- Last Updated on Wednesday, 26 October 2011 00:00
- Published on Wednesday, 26 October 2011 00:00
- Hits: 730
It’s a fair question and it’s one that as a former school board member I feel awkward even asking. And that is, “just what is a modern high school degree worth in the 21st century?” I don’t have an answer for that, but for decades, there has been a growing body of evidence that students leaving high school aren’t ready for the workforce, or for that matter, aren’t even adequately prepared, or ready for their post secondary school education.
This doesn’t seem fair. We put a lot of time and energy into our schools, our kids work hard, and we should be
doing better. Nor, from a national perspective, is it particularly smart. The U.S., when we’re compared with almost every other industrialized nation in the world, lags when it comes to having the people it needs to do the technical and engineering work required for a high tech, networked, and progressively advanced economy.
Sadly, many high tech firms, right here in Virginia, look to immigrants, allowed to stay in the U.S. because there aren’t enough Americans with the skills to do the job, to fill their vacancies. It’s one thing to lose jobs to workers overseas, it’s another to lose them right here at home.
What this says is that our current education system, because of the way it’s structured, and the subjects and skills we teach, particularly in math, science and engineering, just isn’t adequate. And while I could moan a little more, cite some additional statistics, and thoroughly depress you, let me stop there. This isn’t the end of the world. We can fix it. If we move away from the education bureaucracy and get creative, we may find that we can enrich the experience of our students, make our schools more relevant, get business involved, and in the process enrich our nation’s competitiveness. I know, that’s a mouthful, but it can be done.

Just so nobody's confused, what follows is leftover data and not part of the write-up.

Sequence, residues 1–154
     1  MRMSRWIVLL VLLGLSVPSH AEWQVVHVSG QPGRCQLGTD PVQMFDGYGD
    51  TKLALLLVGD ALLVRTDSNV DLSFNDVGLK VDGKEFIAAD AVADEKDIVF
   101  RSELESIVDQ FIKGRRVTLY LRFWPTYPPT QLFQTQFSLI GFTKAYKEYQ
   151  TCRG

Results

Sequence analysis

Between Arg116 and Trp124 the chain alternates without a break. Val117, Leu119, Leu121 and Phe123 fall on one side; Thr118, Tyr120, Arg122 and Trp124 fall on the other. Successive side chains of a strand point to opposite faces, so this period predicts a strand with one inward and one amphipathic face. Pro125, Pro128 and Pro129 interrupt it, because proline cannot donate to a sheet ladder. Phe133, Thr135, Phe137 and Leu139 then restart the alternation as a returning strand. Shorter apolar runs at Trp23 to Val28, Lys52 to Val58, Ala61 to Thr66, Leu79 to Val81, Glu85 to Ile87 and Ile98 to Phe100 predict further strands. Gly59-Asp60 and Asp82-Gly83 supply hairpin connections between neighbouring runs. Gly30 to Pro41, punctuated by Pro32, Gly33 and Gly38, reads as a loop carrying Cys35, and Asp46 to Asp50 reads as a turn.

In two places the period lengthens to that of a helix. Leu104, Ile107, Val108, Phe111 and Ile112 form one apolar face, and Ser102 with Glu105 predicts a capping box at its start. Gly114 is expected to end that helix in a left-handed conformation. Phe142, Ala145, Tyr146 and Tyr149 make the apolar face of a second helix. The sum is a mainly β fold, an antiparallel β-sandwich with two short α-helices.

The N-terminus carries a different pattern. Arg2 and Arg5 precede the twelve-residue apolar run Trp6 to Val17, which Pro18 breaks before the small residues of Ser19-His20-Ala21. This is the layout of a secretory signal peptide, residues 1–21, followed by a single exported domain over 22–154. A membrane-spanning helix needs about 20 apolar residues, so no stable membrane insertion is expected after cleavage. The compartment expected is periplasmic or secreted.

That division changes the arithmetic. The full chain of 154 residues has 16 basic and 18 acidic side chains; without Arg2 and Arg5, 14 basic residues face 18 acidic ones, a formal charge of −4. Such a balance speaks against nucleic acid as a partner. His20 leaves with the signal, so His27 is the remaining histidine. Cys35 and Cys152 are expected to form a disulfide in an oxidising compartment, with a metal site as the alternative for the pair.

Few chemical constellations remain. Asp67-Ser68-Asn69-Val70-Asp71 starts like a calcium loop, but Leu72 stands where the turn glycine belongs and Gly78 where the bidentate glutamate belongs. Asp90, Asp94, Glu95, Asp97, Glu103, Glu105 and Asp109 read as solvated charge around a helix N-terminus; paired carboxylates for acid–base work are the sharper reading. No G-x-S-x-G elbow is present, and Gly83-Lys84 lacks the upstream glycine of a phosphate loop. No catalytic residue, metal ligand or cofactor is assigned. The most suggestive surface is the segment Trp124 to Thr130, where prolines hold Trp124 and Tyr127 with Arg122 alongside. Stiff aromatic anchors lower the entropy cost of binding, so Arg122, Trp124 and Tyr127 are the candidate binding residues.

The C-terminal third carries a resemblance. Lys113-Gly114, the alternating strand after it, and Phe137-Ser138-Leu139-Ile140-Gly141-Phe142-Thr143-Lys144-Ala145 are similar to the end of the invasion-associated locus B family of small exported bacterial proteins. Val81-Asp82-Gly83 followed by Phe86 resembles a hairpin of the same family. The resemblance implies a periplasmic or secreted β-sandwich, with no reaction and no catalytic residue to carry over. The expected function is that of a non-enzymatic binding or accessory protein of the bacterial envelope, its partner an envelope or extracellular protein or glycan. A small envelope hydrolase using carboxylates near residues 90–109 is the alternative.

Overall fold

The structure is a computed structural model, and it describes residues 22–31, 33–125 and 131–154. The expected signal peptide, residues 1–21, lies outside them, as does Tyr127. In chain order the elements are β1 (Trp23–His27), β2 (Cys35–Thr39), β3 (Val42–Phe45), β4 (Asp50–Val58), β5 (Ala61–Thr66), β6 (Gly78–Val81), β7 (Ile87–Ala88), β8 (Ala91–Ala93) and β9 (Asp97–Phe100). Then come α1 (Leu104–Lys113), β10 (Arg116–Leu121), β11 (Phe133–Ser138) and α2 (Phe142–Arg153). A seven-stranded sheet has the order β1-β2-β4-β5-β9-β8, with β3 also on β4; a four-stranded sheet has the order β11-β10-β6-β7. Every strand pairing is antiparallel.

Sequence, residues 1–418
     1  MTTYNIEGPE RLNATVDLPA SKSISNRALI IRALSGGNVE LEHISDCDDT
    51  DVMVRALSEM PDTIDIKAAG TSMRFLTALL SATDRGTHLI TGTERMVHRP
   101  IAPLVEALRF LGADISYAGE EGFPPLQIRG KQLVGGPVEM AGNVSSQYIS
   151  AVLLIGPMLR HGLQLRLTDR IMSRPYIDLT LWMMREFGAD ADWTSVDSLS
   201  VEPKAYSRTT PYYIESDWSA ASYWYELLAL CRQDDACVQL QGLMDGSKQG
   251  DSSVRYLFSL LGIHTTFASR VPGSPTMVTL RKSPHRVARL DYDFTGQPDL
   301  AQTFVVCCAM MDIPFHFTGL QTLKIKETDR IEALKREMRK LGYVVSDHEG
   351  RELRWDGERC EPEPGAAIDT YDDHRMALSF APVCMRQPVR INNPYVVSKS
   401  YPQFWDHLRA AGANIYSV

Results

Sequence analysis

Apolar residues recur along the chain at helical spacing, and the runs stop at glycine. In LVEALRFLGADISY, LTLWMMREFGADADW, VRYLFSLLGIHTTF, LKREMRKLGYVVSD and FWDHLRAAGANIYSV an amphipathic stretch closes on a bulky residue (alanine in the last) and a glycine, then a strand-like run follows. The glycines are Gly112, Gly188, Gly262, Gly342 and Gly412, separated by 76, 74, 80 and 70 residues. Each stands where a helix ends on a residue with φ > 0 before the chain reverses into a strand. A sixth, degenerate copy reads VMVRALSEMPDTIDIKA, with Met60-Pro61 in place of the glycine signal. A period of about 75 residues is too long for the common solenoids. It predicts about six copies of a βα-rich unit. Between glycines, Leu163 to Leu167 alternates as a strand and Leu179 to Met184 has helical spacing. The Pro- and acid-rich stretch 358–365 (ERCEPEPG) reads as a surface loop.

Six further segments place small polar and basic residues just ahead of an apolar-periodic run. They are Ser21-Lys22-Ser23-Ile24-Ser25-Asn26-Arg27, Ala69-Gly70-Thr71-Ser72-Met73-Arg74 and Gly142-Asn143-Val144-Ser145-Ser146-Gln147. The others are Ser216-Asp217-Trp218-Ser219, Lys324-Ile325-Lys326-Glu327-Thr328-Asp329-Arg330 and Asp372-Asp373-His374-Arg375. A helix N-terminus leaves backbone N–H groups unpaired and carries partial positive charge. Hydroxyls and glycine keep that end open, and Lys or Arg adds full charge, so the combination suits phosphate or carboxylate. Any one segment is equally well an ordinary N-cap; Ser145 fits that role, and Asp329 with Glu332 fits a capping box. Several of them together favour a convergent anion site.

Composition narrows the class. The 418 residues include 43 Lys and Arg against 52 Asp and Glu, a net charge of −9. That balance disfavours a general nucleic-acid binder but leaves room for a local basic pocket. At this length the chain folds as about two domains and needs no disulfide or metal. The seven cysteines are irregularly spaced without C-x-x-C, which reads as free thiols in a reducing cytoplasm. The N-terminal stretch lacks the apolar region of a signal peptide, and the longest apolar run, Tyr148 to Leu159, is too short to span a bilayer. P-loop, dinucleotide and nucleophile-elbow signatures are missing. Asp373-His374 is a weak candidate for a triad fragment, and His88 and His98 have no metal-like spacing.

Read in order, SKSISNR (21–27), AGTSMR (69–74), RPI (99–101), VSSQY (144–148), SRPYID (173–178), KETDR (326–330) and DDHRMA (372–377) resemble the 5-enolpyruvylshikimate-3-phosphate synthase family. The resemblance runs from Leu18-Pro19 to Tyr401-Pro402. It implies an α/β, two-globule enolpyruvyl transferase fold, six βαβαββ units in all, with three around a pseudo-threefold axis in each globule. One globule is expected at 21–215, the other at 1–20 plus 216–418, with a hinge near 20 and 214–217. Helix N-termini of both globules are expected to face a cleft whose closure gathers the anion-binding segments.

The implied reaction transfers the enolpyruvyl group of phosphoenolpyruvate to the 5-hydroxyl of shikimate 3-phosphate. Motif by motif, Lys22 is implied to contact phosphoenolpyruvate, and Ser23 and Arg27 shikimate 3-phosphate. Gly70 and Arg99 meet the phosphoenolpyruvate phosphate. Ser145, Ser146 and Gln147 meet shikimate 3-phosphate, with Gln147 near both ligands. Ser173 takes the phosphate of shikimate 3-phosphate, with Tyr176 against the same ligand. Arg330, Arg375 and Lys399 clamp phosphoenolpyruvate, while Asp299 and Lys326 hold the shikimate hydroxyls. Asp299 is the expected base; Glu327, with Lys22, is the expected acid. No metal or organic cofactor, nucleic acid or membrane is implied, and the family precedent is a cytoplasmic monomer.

Virginia, home to hundreds of small, medium, and large technology companies, has been one of the first states to actively try and to start to address this problem. The Governor, through the State Department of Education, has organized the Science, Technology, Electronics, and Math (STEM) Academies. This is something brand new. The program focuses specifically on the skills needed to work with new technologies and their applications. The idea, novel in education, is that when the student graduates, not only will they be ready for the workforce, they will also, if they choose, be ready for higher education.
This approach isn’t that new. The Germans and Japanese, leaders in technical education, both follow similar approaches. But the Governor’s STEM Academy goes a step further. And this is the inspired part. The STEM program actively partners with local and national businesses in order to develop a road map for how the curriculum will evolve. Too often, technology training in high school has lagged far behind the needs of business and industry. We just weren’t teaching the most current technology. However, the STEM program, through its “road map” regularly takes the pulse of the needs of business, particularly those requiring technical and engineering expertise, and makes sure the academies stay current.
Nearby Stafford County is host to the region’s first four year STEM academy. The program is still relatively small, with 240 students, but has already demonstrated, through the interest it has generated, and the quality of its students, that it has a future. For many of us, the words science, technology, math and engineering imply something out of Silicon Valley or NASA. But there is far more to it than that. Advanced technological applications are a part of every major field – medicine, law enforcement, financial management, retail distribution, office operations, communications and national defense. But in every case, managers will tell you, that finding qualified technical personnel to work on these systems is exceptionally difficult.
STEM won’t solve this problem on its own. But it’s the kind of program, if leveraged, and applied through other initiatives, that can lead to a long term solution. It’s creative and to my surprise, was an idea that was rapidly developed and quickly put in the classroom. It avoided the normal bureaucratic reviews and endless study committees that so often do in good ideas in education. Hopefully, other states, and other localities, also anxious to give their students an edge in a highly competitive workforce, might take note of what’s going on in Virginia.